He bowled ten overs one after the other - mostly pitching outside leg and swinging violently to dismiss batsman after batsman to that edge. The rare one pitched in line and got Alec Stewart out for a duck. The ovation Nehra got after the terrific spell is one of those things writers fail to mention, but he had the Durban audience on their feet, clapping at the end of a magic spell.

“Man of the match and no doubt,” the commentators said of India’s third seamer.

Pakistan clobbered 74 runs off his ten overs in the next match - thank you, death overs - and the crowds considered the England spell an exception almost immediately. ‘Inconsistency’ was added as a tag next to his name. Even though Nehra stopped Saeed Anwar’s superb run at 101. When he was just getting ready to explode in the remaining ten overs. Indian fans expected consistent greatness in 2003, thanks to contemporary legends like Tendulkar and Dravid. Nehra was great in that tournament, but not consistently great.


Delivering, 2010. 9-0-40-4

The confidence in his bowling against the Royal Challengers takes us back to a particular match from the past - the Asia Cup final in 2010. While Indian bowlers hadn’t been bowling at their best through the tournament (save a gem from Sehwag against Bangladesh), Nehra stepped up and delivered India the Asia Cup. Sri Lanka were on the wall at 50/2 in 13 overs chasing India’s 268. When Nehra was done with his next two overs, they were effectively eliminated at 51/5. Back to back wickets removing Mahela Jayawardene, Angelo Mathews and Kumar Sangakkara gave India an “unexpected" Asia Cup trophy.

 

"Ashish Nehra sets an example for India's struggling quicks” went Cricinfo’s match report post the Asia Cup final.

The win was certainly unexpected, considering that just two days prior to that match, Sri Lanka eased past India in their league encounter. The Lankans had won with 13 overs to spare with the timeless Sanga - Mahela combo walking past India’s total. Surely there was some ‘X’ factor that must have caused such a turnaround of events in the final, then? India got a similar total, the Indian bowlers bowled in a similar fashion and Sri Lanka started their innings on a similar note.

But Ashish Nehra did not play in the league match.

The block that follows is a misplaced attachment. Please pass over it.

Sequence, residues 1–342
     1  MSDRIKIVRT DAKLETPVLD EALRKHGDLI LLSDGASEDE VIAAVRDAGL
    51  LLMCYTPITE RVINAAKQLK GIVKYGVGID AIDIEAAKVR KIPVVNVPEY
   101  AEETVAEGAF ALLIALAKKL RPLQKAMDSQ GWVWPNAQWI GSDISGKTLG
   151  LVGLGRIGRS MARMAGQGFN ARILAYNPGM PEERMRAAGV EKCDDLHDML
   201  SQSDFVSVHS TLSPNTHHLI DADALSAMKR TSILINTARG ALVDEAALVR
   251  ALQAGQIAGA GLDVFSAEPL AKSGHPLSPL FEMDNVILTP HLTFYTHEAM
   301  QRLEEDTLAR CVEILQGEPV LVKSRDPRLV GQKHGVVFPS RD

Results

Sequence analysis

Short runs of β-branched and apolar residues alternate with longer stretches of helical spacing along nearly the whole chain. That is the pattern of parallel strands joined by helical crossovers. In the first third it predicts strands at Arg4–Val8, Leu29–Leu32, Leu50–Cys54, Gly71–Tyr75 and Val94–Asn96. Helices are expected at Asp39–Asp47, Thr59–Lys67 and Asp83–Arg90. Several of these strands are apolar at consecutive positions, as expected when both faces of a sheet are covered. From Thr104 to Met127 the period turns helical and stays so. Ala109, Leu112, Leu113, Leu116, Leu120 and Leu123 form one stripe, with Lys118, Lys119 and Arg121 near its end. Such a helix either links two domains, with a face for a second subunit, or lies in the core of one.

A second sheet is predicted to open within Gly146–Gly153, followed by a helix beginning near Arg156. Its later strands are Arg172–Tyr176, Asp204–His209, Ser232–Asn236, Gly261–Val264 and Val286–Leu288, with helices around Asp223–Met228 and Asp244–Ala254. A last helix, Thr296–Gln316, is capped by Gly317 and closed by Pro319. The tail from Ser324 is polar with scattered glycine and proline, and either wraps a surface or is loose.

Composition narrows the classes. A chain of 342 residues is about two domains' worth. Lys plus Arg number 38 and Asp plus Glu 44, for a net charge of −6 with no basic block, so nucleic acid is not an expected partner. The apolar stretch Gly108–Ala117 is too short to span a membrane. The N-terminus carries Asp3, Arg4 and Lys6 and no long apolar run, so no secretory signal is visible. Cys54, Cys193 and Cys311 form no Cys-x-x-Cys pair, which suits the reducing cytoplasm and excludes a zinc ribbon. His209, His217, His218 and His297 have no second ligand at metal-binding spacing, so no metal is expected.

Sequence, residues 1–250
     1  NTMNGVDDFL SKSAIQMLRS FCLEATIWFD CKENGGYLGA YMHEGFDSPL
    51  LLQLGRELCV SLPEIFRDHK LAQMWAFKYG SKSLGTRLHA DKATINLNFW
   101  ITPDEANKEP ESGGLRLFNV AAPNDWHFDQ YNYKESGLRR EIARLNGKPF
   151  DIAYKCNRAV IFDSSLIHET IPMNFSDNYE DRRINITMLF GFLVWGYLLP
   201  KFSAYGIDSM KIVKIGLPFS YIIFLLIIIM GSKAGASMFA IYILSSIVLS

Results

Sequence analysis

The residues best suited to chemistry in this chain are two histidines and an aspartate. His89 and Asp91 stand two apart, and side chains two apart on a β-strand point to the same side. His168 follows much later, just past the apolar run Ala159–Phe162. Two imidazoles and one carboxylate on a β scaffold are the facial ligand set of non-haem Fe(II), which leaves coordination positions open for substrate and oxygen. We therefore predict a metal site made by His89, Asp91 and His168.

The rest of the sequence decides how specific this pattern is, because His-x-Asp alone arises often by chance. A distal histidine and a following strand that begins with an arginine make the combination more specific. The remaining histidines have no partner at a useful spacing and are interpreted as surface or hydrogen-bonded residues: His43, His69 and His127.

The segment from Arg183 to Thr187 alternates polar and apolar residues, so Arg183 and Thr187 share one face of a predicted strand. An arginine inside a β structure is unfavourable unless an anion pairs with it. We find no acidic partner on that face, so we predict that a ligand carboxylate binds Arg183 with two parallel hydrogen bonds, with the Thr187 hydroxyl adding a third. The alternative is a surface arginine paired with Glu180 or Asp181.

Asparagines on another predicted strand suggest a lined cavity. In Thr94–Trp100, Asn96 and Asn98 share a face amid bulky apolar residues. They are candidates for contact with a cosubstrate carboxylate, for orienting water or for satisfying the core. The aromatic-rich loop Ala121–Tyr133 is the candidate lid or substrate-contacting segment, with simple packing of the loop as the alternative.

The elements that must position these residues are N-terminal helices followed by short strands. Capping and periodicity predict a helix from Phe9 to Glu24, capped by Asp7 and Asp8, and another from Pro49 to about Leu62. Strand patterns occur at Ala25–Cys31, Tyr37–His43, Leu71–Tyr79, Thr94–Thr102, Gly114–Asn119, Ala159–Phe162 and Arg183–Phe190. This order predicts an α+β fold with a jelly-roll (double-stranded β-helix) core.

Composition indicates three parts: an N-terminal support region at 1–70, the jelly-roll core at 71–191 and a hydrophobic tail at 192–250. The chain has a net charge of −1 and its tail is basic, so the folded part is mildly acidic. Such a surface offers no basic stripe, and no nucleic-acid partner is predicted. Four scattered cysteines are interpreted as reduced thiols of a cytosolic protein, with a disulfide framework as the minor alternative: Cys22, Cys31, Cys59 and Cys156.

Switch to Karachi, 2004 for what is arguably his most memorable ODI over against India’s biggest rivals. His figures of 10-0-58-1 would understate the impact he had on the match with his last over. India had posted 349 on the board, but Inzamam-ul-Haq, the player of the match, made it Pakistan’s game to lose with a finely crafted 122 off 102 deliveries. Pakistan hit 8 runs off Zaheer Khan’s 49th over to stand at 341/7. Moin Khan was still at the crease with 9 runs to win, and he was widely expected to take the team home against an ‘inconsistent’ Ashish Nehra. Two dot balls and three singles later, Khan lobbed one into the hands of Zaheer Khan.

India won by a margin of 5 runs.

Nehra played only one other match that series, removing the dangerous trio - Inzamam, Younis Khan and Moin Khan from the crease. India still lost the match, but went on to win the series 3-2 from there. In hindsight, that peach of an over in the first match made all the difference. “Best over of my life”, he said in a post match interview.

It is what I will remember of Ashish Nehra a decade or two from now.

 

Determined, 2015. 4-0-10-4.

The bowler turns 36 tomorrow, with little to no chance of making it back into the national squad. But he refuses to go silently into the night, with a couple of his spells this year reminiscent of his 2009/2010 form. He is here to make a statement, and in what style! After four overs, Royal Challengers were shaky at best with 33/2 - and Nehra’s figures stood at 2/5 off two overs. He gave two runs & got two wickets off his second over, removing both the openers in the process. He one-upped that with his third over, taking two wickets & giving one run - including the prize wicket of Virat Kohli. All this in one of the tougher grounds for bowlers in the IPL.

 

"If the board (BCCI) allows, I can go and play in Big Bash or Pro-40. Or else, I will play with my little son.” - Ashish Nehra’s famous quote, post exclusion from the England tour in 2011.

Surely he doesn't think he could make another comeback now? If his past statements are anything to go by, he is a believer. This is a man who has survived all the battering he has got being the “death over specialist” (aka scapegoat), has survived all the jokes about his inconsistencies and injuries, wears them all on his sleeve and kisses Rilee Roussouw goodbye after uprooting his stumps. The rest of this tournament will tell us more about his story - if he has finally conquered all the inconsistencies with his bowling and his fitness at the young age of 35. So far, he has bowled like someone who has.

Happy Birthday in advance, Ashish Nehra.